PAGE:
• There have been concerns that police view sex workers differently from other kinds of work. When a sex worker makes a complaint of criminal/sexual/any other type of offence, the police must take it seriously and act in accordance with law.
  • Arresting only the brothel owner and not sex workers: Whenever there is a raid on any brothel, since voluntary sex work is not illegal and only running the brothel is unlawful, the sex workers concerned should not be arrested or penalised or harassed or victimised.
  • Participatory Governance: The union government and the State Governments must involve the sex workers and/or their representatives in all decision-making processes, including planning, designing and implementing any policy or programme for sex workers, or formulating any change/reform in the laws relating to sex work.
  • Protection of Children of Sex workers: No child of a sex worker should be separated from the mother merely on the ground that she is in the sex trade. Further, if a minor is found living in a brothel or with sex workers, it should not be presumed that they have been trafficked.
    • In case the sex worker claims that they are her child, tests can be done to determine if the claim is correct and if so, the minor should not be forcibly separated.

SC has asked the union government to file its response to these and the other recommendations, and will hold further hearings on the matter after its summer vacation.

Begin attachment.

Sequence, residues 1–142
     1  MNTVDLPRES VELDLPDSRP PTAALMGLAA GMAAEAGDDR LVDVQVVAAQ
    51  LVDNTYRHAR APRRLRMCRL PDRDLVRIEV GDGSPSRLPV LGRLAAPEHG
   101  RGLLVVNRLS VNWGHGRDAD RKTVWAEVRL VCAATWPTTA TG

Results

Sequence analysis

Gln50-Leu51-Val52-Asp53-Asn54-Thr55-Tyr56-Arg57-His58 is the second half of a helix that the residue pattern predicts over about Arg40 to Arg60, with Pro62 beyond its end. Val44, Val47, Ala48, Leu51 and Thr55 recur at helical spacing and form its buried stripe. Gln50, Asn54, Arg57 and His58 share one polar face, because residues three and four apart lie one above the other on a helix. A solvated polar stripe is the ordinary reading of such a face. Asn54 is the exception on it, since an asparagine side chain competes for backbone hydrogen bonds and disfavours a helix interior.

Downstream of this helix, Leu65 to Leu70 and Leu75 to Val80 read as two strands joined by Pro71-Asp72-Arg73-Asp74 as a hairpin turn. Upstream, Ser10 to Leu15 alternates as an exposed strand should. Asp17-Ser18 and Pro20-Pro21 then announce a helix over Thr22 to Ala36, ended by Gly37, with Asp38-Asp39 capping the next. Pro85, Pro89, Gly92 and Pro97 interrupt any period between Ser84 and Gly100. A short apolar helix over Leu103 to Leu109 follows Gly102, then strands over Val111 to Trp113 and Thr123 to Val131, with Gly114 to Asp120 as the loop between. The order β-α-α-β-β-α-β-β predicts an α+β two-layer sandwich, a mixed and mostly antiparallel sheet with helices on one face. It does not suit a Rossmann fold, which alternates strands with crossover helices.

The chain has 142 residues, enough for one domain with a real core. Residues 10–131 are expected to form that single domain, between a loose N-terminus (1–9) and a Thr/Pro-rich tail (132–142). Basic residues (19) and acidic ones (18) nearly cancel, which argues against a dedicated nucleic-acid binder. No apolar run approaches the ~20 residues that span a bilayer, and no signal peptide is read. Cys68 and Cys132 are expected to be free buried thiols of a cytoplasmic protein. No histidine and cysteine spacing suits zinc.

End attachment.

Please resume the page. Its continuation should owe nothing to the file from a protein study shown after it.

What is the significance of the judgement?
  • A long-standing demand of sex workers that their work be decriminalised has been partially fulfilled with the Supreme Court.
  • The judgement upholds that adult sex workers are entitled to dignity and equal protection under law.
  • Notwithstanding the profession, SC noted that every individual has a right to a dignified life under Article 21 of the Constitution. It reiterated what the Court had ruled in Budhadev Karmaskar (2011), that sex workers are also entitled to a “life of dignity”
  • By holding that basic protection of human decency and dignity extends to sex workers and their children, the Court has struck a blow for the rights of an exploited, vulnerable section.
  • Coming down heavily on the brutal and violent “attitude” of the police toward sex workers, the Court said “it is as if they are a class whose rights are not recognised”.
  • The Court’s general observations should help sensitise the police, media and society toward sex workers, who have generally been invisible and voiceless.
  • The ball is in the Government’s court to draw up appropriate legislation to free consenting sex workers from stigma, and grant them workers’ rights